Anderson says the subtext of the exhibition is an advocacy case for re-discovering the civic role of architecture in society. The ideas and collaborations between the citizens and designers, he says, are at the heart of the exhibition, with the ideas panels and films demonstrating how creative process and the Cloud of Dreams allowing the visitor to directly engage in this by adding their own wish or dream.
Alongside the exhibition 7N has collaborated on a series of events with the V&A Dundee, as well as a special edition of the V&A’s Work in Progress which is aimed at early career designers.
With re-designing the exhibition to show at V&A one of key changes was the addition of a What if…?/Dundee, which 7N have been able to run in collaboration with V&A Dundee and communities in Dundee. This space has evolved throughout the exhibition as collaborative workshops have taken place across Dundee.
What If…?/ Dundee held a series of five monthly workshops from May, which have just been completed, engaging with family groups, local primary schools and young people who are undertaking training or employment as well as a group of the more senior members of the communities.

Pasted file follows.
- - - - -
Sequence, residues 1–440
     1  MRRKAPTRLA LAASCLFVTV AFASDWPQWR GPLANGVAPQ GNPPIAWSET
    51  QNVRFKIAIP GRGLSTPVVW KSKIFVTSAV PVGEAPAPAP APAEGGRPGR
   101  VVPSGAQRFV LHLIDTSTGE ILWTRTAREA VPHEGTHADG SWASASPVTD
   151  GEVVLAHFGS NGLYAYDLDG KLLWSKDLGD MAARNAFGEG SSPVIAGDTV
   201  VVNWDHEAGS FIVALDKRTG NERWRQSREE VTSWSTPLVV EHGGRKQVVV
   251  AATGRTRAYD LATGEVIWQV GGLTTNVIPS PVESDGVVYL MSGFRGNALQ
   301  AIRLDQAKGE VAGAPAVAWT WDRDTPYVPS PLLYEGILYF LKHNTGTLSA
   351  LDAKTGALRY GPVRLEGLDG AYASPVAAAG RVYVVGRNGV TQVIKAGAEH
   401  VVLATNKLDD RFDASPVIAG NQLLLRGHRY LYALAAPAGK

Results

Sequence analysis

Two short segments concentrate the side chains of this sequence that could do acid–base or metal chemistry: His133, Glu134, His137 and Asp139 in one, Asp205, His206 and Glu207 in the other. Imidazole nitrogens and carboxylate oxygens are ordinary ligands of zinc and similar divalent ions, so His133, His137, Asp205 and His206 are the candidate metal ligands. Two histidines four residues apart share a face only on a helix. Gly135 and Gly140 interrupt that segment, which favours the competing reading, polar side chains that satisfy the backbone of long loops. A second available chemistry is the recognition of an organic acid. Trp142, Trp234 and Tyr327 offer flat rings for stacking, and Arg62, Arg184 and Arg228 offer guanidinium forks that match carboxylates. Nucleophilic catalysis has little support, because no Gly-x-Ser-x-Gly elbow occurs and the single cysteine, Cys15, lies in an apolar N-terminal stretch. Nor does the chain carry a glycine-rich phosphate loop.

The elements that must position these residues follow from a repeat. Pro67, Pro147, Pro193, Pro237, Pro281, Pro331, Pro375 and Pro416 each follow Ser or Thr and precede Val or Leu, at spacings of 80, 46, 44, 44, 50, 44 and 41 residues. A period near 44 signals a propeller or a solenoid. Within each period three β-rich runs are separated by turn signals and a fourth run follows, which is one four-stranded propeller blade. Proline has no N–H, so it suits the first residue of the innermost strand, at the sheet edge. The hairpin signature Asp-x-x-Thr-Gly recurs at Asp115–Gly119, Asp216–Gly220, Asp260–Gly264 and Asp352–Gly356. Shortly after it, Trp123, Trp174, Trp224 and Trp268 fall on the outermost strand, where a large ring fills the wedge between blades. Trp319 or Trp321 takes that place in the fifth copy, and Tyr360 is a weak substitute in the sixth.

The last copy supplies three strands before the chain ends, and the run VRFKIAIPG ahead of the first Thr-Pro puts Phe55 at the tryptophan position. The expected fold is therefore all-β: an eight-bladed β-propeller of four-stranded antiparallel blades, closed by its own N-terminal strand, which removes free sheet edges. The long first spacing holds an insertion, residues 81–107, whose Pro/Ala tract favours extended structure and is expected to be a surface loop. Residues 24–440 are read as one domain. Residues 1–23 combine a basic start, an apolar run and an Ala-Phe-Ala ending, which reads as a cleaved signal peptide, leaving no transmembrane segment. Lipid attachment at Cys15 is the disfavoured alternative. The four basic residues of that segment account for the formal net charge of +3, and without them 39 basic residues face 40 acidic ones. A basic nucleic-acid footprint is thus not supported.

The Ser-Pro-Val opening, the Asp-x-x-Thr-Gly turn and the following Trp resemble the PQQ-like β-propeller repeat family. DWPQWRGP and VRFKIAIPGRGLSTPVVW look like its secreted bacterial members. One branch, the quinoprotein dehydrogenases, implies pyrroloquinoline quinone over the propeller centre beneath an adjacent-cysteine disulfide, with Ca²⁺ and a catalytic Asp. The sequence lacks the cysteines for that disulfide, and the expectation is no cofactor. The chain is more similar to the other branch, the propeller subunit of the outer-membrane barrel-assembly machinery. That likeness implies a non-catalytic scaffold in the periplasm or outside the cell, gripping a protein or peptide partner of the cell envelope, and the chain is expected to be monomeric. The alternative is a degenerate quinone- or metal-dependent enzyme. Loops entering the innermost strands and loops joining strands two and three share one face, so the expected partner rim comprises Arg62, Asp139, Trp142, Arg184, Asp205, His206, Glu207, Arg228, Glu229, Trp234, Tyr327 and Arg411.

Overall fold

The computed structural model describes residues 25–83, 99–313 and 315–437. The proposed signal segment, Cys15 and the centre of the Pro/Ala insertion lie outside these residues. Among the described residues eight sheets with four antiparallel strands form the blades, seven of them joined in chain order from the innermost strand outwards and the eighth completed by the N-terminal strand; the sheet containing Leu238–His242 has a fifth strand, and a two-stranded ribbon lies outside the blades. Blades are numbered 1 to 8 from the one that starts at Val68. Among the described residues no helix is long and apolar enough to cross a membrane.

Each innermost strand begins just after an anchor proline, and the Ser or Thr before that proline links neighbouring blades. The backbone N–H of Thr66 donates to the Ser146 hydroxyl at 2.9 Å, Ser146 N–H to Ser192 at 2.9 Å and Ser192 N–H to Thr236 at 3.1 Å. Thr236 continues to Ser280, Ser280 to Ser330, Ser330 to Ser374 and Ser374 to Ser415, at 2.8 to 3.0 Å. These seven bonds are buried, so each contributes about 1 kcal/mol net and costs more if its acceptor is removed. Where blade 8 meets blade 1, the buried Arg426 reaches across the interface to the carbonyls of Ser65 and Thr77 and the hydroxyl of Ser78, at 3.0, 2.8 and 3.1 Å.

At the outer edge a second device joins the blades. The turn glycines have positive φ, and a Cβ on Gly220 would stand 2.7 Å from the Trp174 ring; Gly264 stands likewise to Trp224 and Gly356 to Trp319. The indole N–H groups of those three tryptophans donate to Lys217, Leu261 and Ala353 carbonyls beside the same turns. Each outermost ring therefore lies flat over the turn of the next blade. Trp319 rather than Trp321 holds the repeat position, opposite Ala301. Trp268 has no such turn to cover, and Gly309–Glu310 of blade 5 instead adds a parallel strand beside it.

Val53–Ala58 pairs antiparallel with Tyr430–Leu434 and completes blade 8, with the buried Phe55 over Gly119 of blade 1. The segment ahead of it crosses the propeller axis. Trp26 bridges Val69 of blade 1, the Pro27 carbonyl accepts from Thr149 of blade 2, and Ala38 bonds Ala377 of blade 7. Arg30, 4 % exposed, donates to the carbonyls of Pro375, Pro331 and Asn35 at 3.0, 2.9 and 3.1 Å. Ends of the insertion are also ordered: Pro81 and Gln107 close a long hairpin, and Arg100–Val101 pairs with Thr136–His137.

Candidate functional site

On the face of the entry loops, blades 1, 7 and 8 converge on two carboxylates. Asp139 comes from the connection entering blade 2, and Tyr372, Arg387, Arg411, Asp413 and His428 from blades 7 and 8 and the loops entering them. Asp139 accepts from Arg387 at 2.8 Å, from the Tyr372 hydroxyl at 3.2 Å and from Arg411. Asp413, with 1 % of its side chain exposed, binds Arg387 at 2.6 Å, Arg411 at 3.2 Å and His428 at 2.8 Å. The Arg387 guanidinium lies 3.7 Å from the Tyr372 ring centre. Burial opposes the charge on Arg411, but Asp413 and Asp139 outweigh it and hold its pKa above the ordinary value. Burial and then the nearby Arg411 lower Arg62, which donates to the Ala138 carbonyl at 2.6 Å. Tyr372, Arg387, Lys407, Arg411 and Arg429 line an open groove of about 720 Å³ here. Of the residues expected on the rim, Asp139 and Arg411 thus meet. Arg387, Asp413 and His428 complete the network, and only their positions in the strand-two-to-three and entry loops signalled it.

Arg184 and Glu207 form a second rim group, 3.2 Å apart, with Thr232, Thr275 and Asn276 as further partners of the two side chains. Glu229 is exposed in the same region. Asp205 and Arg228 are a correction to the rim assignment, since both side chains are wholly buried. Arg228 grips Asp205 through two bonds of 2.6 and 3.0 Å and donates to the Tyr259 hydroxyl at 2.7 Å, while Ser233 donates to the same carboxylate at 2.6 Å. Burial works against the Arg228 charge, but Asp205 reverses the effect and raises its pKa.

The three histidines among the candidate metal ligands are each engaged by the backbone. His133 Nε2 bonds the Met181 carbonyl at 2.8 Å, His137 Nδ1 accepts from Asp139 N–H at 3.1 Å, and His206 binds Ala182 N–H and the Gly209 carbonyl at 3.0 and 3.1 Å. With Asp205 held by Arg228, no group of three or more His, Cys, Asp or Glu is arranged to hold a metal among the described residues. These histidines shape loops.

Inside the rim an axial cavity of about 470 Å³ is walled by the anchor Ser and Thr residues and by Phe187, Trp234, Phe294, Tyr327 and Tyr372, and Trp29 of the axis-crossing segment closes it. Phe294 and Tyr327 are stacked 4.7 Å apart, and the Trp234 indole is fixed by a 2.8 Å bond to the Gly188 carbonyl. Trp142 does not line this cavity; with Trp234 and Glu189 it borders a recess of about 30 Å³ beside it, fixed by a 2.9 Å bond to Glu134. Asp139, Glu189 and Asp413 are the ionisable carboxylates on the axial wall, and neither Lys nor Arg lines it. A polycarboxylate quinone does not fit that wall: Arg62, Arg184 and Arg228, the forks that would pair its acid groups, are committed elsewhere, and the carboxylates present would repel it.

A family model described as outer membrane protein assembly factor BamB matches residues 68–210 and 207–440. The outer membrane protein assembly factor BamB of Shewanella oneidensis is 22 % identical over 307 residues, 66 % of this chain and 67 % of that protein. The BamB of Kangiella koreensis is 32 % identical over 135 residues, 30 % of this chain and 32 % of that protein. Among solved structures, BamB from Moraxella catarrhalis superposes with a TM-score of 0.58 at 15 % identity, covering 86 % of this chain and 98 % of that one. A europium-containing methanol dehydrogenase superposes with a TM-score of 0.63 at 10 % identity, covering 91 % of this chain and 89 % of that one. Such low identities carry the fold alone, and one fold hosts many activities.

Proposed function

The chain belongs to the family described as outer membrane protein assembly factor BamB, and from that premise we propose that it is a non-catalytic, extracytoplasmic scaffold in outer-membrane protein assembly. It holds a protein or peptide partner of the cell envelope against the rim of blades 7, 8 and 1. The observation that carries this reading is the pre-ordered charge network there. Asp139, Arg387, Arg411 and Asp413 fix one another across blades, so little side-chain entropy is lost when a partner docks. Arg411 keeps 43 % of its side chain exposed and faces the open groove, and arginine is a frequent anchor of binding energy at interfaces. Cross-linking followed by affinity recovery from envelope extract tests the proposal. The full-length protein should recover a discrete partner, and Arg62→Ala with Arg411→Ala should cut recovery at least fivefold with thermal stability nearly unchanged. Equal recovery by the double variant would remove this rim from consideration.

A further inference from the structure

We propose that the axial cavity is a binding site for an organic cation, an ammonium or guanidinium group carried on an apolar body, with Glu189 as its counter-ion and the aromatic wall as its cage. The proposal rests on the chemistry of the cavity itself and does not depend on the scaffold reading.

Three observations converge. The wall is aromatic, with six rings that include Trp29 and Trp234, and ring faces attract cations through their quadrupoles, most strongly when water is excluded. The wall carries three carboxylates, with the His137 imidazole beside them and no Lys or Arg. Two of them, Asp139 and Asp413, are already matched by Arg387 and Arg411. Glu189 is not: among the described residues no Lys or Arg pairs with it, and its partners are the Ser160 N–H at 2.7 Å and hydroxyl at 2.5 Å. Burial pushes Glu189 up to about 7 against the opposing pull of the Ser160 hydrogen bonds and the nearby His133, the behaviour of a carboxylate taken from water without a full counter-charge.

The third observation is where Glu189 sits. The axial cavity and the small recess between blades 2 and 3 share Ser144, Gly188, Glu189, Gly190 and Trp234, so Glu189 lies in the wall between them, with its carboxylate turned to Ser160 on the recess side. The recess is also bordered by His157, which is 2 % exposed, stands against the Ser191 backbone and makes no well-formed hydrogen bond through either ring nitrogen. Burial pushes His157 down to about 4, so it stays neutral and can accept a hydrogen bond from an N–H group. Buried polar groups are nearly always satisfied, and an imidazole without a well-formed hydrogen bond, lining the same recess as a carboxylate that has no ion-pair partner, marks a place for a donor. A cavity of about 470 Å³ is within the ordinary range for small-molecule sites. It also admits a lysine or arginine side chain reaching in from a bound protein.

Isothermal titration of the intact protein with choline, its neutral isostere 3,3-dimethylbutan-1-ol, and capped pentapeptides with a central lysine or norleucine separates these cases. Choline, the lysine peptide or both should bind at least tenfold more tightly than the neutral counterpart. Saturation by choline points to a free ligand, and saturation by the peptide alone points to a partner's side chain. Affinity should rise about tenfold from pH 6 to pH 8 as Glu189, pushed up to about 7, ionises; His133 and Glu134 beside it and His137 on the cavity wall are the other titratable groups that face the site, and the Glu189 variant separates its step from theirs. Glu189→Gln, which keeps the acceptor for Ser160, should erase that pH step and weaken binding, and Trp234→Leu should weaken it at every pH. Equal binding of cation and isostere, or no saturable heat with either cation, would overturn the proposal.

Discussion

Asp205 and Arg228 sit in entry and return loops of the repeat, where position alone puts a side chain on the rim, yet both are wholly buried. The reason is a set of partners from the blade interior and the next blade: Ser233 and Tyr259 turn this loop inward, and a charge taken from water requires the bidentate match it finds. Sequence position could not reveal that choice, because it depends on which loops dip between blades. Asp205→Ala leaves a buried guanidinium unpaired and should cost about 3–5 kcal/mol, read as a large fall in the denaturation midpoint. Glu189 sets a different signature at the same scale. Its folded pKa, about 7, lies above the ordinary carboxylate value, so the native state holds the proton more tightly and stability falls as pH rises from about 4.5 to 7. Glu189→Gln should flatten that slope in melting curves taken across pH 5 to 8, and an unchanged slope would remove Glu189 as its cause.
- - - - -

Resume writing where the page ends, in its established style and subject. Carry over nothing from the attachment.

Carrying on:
Ways to make Dundee a better place
This involved pairing together five designers and five Dundee citizens to explore creative ways to make Dundee a better place.
“Asking What if?… and empowering citizens to voice their opinions and let them be heard is extremely important,” says Chris Lewis, Schools Development Officer, V&A Dundee. “We all have views on where we live and how it could be improved, but by engaging in this design process, such views can be developed into ideas and wishes that can then be presented and taken forward.”
“We used the What if?… model of pairing up a citizen and designer and, taking inspiration from the Scottish Government’s 20-minute neighbourhood initiative, also had some of the groups do additional walks and speak specifically about these themes.”
For What if?… Dundee, the core engagement was on a site that will eventually become a new community campus school and facilities and allowed designers to explore how the surrounding communities could benefit from the development.
“It has really highlighted the importance of the design process in visualising people’s ideas.”
The raw data collected throughout the What if?…Dundee process has been collated and is being shared with Dundee City Council to improve current and future developments.